But, on November 3, 2010, with an approval rating of 9%, Campbell pulled the trigger himself and resigned -- seven years after Mothers Against Drunk Driving (MADD) and several community-based organizations called for him to do just that. So why now?


In July 2009 Campbell joined suit with Ontario and moved BC towards a Harmonized Sales Tax (HST), which would combine the federal GST (5%), and provincial PST (7%). As someone who doesn't mind paying taxes myself (because I like universal health care, education, social services, public transit, and paved roads), I have always struggled to put together the puzzle of the conservative ethos in Canada: "We have the best health care coverage in the world but we constantly vote for people on the single premise that they want to cut the taxes that pay for the health care we are so proud of...." Campbell found a powerful support base amongst the catch-22 of conservative tax-haters and corporate elites, and in an ironic twist of poetic justice, the moment he turned his back on them and attempted to funnel tax dollars back into the gaping holes he created in his province's social services, his dwindling public support came under harsh public attack by the hands that fed him all along -- at a time when he needed those hands the most.

The man who capitalized on short-sighted cuts to taxation and reactionary mood swings amongst BC conservatives became the victim of his own game. And so Gordo was left with nothing to do but drive off drunkenly into the sunset. As a former long-time British Columbian, all I can think to say is: "Happy fu*%ing birthday, asshole."

Sometimes political stories are worth celebrating.

Tuesday, October 26, 2010

Left Behind: what happens when the left is too cool to vote

"If you are not doing needles and you are not gay, you wouldn’t get AIDS probably, that’s bottom line. These are the facts."

"Every year we have dozens of people who get hit by cars or trucks. My heart bleeds when someone gets killed, but it’s their own fault at the end of the day."

- some nuggets of wisdom from Toronto's newly-elected mayor, Rob Ford

I would never normally ascribe to biological determinism, but there must be something in my DNA that forbids conservatism. I've tried so hard, at least intellectually, to understand what drives the conservative being, and all I could ever conclude was that it's simply the product of fear, shelter, and a legacy of colonialism in the Western world. Nothing that a little education, exposure, and life experience outside the wealthy or rural bubbles couldn't solve.

There is just a certain something about the right that frightens me (of course nothing I would ever back down from though). As a recent observation by a dear friend goes: "I'm not scared of the far left. What's the worst they can do? Make me work less and still have a roof over my head, learn how to paint, talk about my feelings, and be self-actualized? I'm not afraid of that... But history has shown that the far right will wipe you out completely if you aren't on board with their ideals."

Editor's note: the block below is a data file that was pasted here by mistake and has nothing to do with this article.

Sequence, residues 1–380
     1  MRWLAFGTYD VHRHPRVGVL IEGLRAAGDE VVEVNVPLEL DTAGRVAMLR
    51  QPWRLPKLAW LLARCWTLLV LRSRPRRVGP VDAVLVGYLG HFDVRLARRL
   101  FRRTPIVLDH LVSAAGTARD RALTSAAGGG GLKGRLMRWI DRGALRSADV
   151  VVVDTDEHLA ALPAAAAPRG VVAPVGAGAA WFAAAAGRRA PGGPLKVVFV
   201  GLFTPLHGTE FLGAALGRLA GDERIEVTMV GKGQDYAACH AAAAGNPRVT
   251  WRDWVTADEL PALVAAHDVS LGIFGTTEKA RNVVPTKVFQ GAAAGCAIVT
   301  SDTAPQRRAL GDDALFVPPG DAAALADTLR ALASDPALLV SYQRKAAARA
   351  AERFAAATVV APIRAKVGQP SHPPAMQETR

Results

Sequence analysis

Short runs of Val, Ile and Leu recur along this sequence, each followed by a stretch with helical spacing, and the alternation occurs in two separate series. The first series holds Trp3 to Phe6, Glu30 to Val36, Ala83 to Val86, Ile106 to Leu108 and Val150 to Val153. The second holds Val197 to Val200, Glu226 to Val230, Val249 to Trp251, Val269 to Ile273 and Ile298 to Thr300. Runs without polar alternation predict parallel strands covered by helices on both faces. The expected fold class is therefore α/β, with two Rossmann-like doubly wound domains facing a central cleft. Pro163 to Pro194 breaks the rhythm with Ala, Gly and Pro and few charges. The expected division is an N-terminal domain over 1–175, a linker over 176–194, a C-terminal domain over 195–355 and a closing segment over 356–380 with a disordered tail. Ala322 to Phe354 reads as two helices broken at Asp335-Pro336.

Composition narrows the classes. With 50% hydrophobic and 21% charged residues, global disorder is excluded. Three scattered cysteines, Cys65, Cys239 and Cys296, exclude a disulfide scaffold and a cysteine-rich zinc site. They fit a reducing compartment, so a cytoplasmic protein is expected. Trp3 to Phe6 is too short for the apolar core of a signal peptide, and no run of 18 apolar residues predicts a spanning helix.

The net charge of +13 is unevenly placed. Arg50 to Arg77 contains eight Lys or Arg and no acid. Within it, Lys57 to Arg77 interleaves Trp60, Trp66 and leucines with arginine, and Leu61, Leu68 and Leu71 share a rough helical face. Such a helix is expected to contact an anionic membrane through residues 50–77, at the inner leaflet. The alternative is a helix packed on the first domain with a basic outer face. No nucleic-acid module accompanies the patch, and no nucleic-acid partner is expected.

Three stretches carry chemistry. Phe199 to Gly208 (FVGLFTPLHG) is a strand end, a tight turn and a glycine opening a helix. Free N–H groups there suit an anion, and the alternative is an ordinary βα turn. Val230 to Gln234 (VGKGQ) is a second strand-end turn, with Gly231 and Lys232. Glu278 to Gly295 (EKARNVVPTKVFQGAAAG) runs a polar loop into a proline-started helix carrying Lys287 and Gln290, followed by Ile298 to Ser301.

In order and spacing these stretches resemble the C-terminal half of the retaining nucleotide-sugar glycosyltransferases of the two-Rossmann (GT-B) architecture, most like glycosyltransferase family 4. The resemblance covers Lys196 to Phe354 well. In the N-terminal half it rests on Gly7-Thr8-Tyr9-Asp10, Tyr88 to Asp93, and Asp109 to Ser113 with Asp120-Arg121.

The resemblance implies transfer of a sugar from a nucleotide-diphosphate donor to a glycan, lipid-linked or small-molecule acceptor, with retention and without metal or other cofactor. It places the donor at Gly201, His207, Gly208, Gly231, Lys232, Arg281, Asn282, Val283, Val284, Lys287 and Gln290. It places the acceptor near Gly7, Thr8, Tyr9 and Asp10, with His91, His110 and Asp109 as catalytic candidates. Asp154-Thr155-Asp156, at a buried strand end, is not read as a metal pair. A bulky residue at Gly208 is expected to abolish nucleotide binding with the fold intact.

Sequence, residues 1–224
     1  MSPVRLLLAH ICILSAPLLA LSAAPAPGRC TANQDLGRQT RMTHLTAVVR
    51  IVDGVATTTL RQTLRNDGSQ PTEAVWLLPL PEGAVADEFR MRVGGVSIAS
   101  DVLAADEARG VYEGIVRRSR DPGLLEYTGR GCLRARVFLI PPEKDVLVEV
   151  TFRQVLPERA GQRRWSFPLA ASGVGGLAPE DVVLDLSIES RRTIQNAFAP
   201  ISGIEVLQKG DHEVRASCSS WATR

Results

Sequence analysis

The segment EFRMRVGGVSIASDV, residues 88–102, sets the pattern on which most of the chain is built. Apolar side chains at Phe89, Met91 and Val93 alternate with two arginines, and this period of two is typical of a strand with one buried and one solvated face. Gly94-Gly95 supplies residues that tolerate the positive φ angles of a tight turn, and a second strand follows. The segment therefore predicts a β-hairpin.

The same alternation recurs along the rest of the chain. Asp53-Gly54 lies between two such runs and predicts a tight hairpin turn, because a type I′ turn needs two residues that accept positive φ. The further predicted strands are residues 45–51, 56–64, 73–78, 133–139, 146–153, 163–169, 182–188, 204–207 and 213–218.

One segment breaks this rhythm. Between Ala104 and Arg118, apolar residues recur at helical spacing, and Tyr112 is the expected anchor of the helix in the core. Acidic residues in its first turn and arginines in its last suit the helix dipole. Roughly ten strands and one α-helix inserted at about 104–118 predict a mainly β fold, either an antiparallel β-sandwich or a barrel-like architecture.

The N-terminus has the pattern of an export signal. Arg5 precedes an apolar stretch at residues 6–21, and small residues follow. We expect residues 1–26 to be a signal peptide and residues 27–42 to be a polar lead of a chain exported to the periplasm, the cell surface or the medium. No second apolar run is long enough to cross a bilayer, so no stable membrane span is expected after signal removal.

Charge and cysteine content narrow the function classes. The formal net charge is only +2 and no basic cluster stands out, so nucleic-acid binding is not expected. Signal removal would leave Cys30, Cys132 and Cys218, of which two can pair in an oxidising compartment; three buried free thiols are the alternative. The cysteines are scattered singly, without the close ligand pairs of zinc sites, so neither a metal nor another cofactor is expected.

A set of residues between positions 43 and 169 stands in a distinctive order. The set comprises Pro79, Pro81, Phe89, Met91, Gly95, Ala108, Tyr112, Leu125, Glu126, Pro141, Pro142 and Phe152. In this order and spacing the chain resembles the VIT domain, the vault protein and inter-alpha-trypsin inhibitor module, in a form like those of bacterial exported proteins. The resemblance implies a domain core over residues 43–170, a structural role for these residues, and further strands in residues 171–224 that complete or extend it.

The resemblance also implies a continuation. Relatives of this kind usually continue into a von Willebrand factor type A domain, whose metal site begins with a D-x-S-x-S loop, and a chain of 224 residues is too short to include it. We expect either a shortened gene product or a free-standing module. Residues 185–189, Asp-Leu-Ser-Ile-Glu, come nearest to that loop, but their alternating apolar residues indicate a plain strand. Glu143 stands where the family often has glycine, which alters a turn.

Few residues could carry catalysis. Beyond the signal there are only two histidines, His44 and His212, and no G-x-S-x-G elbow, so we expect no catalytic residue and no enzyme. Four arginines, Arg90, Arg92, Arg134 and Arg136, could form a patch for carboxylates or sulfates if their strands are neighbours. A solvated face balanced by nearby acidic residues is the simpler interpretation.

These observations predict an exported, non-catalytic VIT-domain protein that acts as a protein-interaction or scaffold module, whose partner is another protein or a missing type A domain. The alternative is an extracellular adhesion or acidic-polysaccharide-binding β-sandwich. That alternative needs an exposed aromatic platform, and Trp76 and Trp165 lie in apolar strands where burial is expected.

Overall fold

However, I realized yesterday with Rob Ford's 12-point victory to become mayor of the formerly liberal capital of Canada (Toronto), that the left is capable of far more harm than myself and my friend would like to believe: through their own arrogance, apathy, and "I'm too cool and intelligent to vote because I'm above the process" sentiments, by not voting, the left is capable of electing governments that threaten the environment,  health, diversity, tolerance, immigration, and the basic social safety net that protects us from being left behind in our most difficult struggles for survival. Yes, these are ideals and not necessarily realities, but if the ideals are removed from the platform they are no longer integrated as strategic goals to be achieved.

Here we are in the "information age" and the left, rather than mobilizing and strengthening its potential for increased awareness, wisdom, and action, has really just become a helpless post-modern wasteland of spoiled, cynical, apathetic, libertarian brats who would rather talk and judge from afar than take any direct action. Frankly, many on the left make the rest of us look really, really bad.

In spite of my misgivings of the right, one thing I have always admired them for is their belief in the democratic process (however naive some self-proclaimed "pundits" on the left would say that faith is -- but down with them, because criticism of that sort doesn't translate into votes, only lack thereof). The right shows up to the polls and votes. And yesterday in Toronto, they did just that. And won.

We can use Ford's victory as another affirmation of the classic rural/urban divide in Canada, heartland of the 50-plus wealthy homeowner versus the young city-dweller split that seems to come up every time there is a civic, provincial, or federal election. Yawn. Or we can use it to examine the arrogance and apathy of the left and recognize that inaction is as dangerous as the outcome the lazy left is criticizing.